BREXIT’s Potential To Boost The Independent Hospitality Market – EXPLAINED!

brexit

The dust from the Brexit has settled. Politicians and businesses all over the UK and Europe are now trying to work out what this new reality means for our future.

The shock of the result prompted a resignation from the Prime Minister. The head of the BREXIT campaign pulled out of the upcoming leadership race. The stock markets reacted, too. Britain froze for a day, unsure of the ultimate outcome of leaving the EU. What followed was a lot of backtracking and several attempts by the chancellor to calm everyone down.

Regardless of how you feel about Brexit, let bygones be bygones. The choice has been made. Some head-shakers insist that leaving EU will crush British exports and EU staff outsourcing. Don’t believe them.

The truth is that the weakening pound could be a cherry pie to the independent hospitality and tourism sector. A low price to the pound could force low-income British families to finally appreciate the beauty and uniqueness of their own country. Considering the increased expense of vacationing in the EU, people may reconsider booking that week-long holiday in Spain. Instead, they might well flock to the beaches of the Yorkshire Coast! A weaker pound could also entice foreign visitors to head to the country which seemed too expensive for a vacation just some time ago.

What happens next?

Leaving the EU could take up to two years when leadership finally opts for “Article 50”. There has already been chatter from politicians that Brexit conditions won’t come into effect until 2017, so for the next few months, there will be a lot of uncertainty about what is going to happen. However, in the short term, the knock-on effect will continue to be a weak pound. That means that you have a chance to derive maximum profit from the economic situation caused by the confirmation of Brexit.

One more bonus: representatives of the hospitality and tourism sector are determined to get their seats at the table of post-Brexit discussions. If they do, they may get a permanent cut to VAT for accommodation owners. Do you want to be a part of that? We bet you do!

BREXIT’s potential to boost the indepedent hospitality market – EXPLAINED!

To join in, you have to be armed to the teeth. Any company boasting it has something to offer, whether to British or foreign customers, has to do its best to present itself on the web. You’ve got to boost your business online or you’ll get zero feedback in the forthcoming years…and the same figures in profit.

Here’s what you need to do to put yourself ahead of the rest.

Be multi-present

Update your listings on the dominant OTAs, including Booking.com and Expedia.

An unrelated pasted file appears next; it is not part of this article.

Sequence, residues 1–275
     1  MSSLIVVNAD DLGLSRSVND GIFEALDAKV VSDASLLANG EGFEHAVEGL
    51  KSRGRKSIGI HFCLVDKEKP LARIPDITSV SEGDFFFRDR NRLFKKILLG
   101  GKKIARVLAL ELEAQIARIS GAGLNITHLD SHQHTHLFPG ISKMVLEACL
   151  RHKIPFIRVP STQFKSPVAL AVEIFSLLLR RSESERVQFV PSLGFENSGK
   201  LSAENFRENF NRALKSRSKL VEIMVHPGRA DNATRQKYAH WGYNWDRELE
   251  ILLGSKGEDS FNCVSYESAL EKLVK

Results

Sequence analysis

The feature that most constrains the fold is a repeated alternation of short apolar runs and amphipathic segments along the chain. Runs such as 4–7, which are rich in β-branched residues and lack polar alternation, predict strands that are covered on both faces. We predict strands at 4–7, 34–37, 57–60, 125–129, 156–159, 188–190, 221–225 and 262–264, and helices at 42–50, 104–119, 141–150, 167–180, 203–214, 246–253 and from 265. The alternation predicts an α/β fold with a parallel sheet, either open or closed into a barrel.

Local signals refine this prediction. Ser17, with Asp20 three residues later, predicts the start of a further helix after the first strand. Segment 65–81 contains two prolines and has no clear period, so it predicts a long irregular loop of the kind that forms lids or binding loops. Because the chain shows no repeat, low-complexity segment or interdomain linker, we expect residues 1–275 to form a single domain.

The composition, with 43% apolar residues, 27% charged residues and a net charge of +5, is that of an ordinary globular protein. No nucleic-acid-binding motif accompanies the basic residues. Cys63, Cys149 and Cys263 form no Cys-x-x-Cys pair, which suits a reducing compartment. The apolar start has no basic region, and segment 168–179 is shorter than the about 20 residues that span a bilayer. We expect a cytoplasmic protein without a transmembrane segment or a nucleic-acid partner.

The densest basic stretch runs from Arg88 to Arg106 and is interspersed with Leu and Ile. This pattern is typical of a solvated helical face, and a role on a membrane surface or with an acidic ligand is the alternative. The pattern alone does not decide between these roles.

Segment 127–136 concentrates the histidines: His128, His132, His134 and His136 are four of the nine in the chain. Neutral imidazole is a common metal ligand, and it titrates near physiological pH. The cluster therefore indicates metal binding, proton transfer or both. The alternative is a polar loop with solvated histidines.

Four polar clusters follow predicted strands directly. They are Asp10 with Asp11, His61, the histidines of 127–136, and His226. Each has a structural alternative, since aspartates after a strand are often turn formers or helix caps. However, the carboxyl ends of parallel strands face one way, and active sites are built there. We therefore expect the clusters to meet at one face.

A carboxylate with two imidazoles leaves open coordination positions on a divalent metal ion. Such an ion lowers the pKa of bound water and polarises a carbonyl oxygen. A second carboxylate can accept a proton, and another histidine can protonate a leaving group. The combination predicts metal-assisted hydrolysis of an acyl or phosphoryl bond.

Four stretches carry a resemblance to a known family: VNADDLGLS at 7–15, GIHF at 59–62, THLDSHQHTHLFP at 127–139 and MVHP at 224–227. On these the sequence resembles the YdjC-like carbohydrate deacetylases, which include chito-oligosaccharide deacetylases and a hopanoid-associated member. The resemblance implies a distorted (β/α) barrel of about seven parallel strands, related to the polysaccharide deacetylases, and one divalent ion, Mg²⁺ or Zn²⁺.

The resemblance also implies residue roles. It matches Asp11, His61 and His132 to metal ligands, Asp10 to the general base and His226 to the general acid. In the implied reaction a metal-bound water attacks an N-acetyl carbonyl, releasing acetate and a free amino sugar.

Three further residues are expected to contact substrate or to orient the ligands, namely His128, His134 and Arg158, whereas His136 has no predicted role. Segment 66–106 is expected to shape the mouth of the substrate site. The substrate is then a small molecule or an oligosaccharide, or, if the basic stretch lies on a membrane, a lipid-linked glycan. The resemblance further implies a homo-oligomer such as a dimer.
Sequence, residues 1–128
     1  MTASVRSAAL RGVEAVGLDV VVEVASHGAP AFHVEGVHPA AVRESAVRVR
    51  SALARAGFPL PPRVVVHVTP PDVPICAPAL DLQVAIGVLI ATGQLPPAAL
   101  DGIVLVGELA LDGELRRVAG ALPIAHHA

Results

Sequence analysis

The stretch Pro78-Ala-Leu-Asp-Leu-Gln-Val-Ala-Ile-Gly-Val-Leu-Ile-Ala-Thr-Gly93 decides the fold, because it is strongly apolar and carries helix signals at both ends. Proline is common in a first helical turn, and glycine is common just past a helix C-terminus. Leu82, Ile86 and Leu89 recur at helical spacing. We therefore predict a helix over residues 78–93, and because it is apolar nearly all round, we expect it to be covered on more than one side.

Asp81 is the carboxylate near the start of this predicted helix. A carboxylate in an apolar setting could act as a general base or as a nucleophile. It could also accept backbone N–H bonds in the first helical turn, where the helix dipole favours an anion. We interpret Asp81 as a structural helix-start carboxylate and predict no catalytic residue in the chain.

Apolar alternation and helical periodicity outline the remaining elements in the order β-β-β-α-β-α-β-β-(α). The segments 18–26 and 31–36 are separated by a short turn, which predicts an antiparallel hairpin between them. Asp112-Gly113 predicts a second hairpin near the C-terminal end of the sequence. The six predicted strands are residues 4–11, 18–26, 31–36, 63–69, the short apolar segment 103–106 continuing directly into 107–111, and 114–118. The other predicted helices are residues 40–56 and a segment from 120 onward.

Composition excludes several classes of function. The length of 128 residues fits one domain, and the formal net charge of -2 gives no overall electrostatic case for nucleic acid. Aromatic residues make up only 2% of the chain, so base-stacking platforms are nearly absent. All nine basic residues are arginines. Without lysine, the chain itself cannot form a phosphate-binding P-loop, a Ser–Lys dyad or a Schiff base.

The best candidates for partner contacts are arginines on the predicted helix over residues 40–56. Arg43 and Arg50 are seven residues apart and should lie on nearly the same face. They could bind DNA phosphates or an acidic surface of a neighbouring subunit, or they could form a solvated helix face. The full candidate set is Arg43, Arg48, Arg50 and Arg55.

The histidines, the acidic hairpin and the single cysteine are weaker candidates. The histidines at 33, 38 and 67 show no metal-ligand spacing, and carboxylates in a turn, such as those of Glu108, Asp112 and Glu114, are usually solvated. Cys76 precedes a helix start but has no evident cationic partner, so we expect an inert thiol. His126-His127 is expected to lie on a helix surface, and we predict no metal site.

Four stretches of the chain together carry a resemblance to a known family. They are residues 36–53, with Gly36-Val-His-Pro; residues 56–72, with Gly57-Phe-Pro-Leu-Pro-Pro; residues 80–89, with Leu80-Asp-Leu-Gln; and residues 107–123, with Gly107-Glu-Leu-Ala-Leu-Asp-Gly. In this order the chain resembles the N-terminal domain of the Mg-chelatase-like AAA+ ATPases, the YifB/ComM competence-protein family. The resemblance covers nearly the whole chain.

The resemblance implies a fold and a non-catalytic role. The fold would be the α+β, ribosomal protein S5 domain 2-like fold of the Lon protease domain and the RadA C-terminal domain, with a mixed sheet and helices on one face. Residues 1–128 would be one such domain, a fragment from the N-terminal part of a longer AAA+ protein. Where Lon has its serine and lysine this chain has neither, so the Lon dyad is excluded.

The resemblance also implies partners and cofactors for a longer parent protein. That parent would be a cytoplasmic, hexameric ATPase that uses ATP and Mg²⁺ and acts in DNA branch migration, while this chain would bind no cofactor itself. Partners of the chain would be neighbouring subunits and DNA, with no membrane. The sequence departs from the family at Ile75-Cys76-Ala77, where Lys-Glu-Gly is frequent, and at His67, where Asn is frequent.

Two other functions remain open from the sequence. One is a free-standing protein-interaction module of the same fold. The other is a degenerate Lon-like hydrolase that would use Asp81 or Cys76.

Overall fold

Get a Social Media presence on the major channels, including Facebook, Twitter, and Instagram. Don’t forget about the power of IFTTT to manage your social media!

Make sure you can offer multiple payment methods. Verify that you can accept various types of credit cards, plus Paypal, and other payment methods.

Design your website to make the narrative of your hotel engaging. You’re telling your prospective customers why they should come to you instead of to your competition. Stories are persuasive, so tell yours!

Hire a professional photographer

Give detailed pictures of your rooms, bathrooms, terraces, and any other features that amplify the image of your hotel or restaurant as a perfect retreat. Ideally, include links to blogs describing nearby points of interest and events, such as festivals and fairs taking place in the area.

BREXIT’s potential to boost the indepedent hospitality market – EXPLAINED!

Excursions, bicycle rides, and walking tours with breathtaking views will add charm to your site as well.

Regular updates

Don’t forget about regular updates on prices and special offers, such as seasonal and group discounts. Real-time availability information is also extremely important. If you don’t welcome your guests with fresh information, it’s like hanging out a sign saying, “Nobody’s home anymore”.

Create marketing buzz

All the above is enough to earn. But to prosper, you need something more, some unique service or bonus which will make people tell their friends about you. It can be fruit and flowers at the guest’s arrival. Breakfasts in bed. Free bicycles. Discounted excursions or walking tours for your visitors. Local musicians every Saturday. Crafted beer or coffee delivered by local companies just to treat your guests. Just think what you would want to experience on your holidays, then implement it in your business! The trick is to be unique. Make your property stand out from the rest.

To know more about hotel marketing, check out individually designed courses for hospitality marketers.

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